For the second time this week, the New York Yankees have traded with a division rival, this time grabbing J.A. Happ from the Toronto Blue Jays for Brandon Drury and Billy McKinney. Certainly, the Yankees were asked to give up more in order for Toronto to part with Happ, being that both teams reside in the American League East division.
The trade could not have come at a better time, as the Yankees will face off against the division-leading Boston Red Sox 10 times over the season’s final 61 games. Happ is a notorious Red Sox enemy, possessing a 7-4 record to couple with a 2.98 ERA against the team in his career. This is good news for the Yankees, who will likely slot Happ to pitch in those three series.
As for what was relinquished, the Toronto Blue Jays received two players who should see significant playing time in the major leagues both this season and in the future.
Drury, who was acquired for Taylor Wiedner and Nick Solak from Arizona this winter, was plagued by an early season vision issue, and the emergence of rookie Miguel Andujar, ultimately spending most of the season in AAA Scranton. To date, Drury owns a .267 career average, with 32 home runs in 1,013 at-bats across parts of four seasons. Besides a respectable bat, Drury brings versatility to any club, with the ability to play multiple infield and outfield positions. With his free agency scheduled for 2022, Drury could become a mainstay in the Blue Jays’s lineup for many years.The @Yankees traded for Toronto Blue Jays starter J.A. Happ on Thursday, but don't appear to be finished just yet.Click To Tweet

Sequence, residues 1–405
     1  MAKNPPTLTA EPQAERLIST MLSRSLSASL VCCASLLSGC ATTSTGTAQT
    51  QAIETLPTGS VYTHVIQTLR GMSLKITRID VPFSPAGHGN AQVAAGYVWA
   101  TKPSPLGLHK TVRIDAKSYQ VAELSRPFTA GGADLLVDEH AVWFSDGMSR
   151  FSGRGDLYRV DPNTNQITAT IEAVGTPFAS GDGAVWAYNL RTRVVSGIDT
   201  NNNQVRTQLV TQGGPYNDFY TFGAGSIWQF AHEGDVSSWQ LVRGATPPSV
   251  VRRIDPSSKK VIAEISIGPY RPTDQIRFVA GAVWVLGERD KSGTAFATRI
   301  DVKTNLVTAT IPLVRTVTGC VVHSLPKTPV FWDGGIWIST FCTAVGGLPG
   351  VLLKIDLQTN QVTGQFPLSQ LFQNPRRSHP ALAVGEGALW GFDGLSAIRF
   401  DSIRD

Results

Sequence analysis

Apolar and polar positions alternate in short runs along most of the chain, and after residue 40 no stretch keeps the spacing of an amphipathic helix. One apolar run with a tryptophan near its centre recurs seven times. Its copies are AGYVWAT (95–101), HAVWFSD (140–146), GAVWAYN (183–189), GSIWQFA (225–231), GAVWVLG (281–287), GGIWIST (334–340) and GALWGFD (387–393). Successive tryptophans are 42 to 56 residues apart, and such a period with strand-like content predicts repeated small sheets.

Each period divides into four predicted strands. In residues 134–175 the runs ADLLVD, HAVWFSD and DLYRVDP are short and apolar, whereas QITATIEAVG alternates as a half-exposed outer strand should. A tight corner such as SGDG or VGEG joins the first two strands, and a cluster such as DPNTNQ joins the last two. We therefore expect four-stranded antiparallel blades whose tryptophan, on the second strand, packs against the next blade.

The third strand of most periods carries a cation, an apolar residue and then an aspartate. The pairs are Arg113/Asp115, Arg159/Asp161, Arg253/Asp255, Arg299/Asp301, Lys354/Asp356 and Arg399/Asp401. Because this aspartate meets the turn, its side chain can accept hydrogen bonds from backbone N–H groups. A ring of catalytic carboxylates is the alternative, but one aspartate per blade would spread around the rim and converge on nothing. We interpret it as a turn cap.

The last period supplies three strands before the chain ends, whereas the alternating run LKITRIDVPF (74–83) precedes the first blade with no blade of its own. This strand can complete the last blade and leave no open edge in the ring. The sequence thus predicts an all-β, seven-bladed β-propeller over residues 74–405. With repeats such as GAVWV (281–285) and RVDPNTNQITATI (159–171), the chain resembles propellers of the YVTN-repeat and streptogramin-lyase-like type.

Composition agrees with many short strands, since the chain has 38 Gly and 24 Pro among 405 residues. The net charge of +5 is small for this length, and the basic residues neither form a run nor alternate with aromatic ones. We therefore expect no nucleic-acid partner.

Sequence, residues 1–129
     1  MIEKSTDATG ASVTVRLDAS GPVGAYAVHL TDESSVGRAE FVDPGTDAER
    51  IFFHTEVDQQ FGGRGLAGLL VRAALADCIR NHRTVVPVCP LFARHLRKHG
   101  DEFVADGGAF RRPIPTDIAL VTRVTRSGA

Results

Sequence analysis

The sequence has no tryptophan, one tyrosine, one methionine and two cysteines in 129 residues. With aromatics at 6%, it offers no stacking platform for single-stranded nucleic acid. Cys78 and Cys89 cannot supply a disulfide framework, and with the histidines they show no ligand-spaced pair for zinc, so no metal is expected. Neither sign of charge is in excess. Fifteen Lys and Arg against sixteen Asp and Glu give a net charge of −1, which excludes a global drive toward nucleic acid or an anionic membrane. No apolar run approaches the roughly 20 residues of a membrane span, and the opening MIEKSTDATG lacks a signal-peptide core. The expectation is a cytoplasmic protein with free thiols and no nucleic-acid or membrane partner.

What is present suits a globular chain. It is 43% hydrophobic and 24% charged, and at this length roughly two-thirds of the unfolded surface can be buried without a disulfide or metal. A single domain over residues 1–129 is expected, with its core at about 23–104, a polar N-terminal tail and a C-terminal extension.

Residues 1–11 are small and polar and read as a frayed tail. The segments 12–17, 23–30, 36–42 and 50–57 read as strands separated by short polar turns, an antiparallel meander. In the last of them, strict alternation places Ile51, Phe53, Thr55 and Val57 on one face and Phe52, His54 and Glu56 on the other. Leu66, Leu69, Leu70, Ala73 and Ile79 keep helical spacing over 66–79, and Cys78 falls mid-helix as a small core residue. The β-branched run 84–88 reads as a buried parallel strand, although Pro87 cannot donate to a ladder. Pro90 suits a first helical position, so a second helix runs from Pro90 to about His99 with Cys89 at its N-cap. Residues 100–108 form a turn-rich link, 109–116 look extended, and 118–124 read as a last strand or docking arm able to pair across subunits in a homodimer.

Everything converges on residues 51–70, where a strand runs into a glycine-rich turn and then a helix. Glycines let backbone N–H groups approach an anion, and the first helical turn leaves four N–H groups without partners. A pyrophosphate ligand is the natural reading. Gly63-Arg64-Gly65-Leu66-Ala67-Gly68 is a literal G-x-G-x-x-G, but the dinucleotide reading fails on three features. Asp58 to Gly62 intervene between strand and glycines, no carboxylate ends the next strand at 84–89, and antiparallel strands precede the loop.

McKinney, acquired in the 2016 Aroldis Chapman deal, was stuck in Scranton behind a talented outfield. Once a coveted prospect, his status has cooled recently, both due to age and injuries. Still, McKinney can provide similar versatility as Drury, with the ability to play both corner outfield spots and first base. Not expected to anything more than an average player, McKinney’s best tool is his newfound power, slugging 13 home runs in just 211 AAA at-bats in 2018. Still, the recent surge has not been enough to grade the tool as anything more than average, which is where the rest of his tools also find themselves. McKinney appears ready to hold his own as a fourth outfielder in the big leagues, and with time may see some significant playing time as Toronto heads toward a rebuild.
Late Thursday night, it was announced that the Chicago Cubs have reached an agreement with the Texas Rangers to acquire left-hander Cole Hamels, a perceived target of general manager Brian Cashman. Despite appearing to miss out on a target, it is hard to believe that Cashman, the genius behind a legendary 2016 trade deadline, is done wheeling and dealing.
The Yankees’s seemingly endless farm system gives Cashman numerous negotiating tools, and may be able to land another starting pitcher without having to part with top prospects Justus Sheffield or Estevan Florial. Madison Bumgarner is one interesting target, as the San Francisco Giants ponder whether to commit to a full rebuild or not. Bumgarner would likely require an impressive haul, but his postseason stardom is well worth almost any cost. Should the Giants decide to hold on to Bumgarner, it is still not clear who Cashman would target.
Two years after pulling off one of the most impressive trade deadlines ever, does Cashman have another trick up his sleeve? All that hangs in the balance is the Yankees’s World Series hopes.